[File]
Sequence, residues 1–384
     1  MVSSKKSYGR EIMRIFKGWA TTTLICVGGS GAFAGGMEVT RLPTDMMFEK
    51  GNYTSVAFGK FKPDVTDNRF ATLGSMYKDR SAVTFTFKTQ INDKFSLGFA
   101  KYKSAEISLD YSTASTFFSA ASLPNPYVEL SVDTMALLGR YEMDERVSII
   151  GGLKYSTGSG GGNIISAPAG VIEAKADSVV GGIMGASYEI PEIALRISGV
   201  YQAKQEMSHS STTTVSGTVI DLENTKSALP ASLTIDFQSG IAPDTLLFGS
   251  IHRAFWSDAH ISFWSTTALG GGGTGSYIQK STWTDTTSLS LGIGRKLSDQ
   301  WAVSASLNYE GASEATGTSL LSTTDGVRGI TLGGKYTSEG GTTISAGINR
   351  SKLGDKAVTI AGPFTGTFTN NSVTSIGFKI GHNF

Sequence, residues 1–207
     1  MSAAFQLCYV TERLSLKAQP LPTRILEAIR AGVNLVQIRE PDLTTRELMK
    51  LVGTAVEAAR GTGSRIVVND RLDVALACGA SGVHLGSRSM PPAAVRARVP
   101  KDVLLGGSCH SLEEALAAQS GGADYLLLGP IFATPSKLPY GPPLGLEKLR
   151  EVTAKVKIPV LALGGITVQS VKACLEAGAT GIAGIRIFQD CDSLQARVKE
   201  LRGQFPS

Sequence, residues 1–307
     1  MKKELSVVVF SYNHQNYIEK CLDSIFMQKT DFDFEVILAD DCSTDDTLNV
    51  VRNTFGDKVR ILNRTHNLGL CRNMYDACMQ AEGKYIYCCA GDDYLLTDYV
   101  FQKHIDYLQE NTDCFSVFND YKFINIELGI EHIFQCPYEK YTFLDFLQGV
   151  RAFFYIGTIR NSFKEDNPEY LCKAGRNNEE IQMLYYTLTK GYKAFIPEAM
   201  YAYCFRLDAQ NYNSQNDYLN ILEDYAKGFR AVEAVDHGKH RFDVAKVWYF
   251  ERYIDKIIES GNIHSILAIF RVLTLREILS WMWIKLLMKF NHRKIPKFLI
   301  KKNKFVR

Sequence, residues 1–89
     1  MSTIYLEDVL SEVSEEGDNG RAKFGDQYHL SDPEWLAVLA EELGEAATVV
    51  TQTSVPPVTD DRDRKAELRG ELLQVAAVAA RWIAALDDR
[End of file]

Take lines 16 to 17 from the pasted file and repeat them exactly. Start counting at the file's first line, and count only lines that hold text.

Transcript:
Sequence, residues 1–307
     1  MKKELSVVVF SYNHQNYIEK CLDSIFMQKT DFDFEVILAD DCSTDDTLNV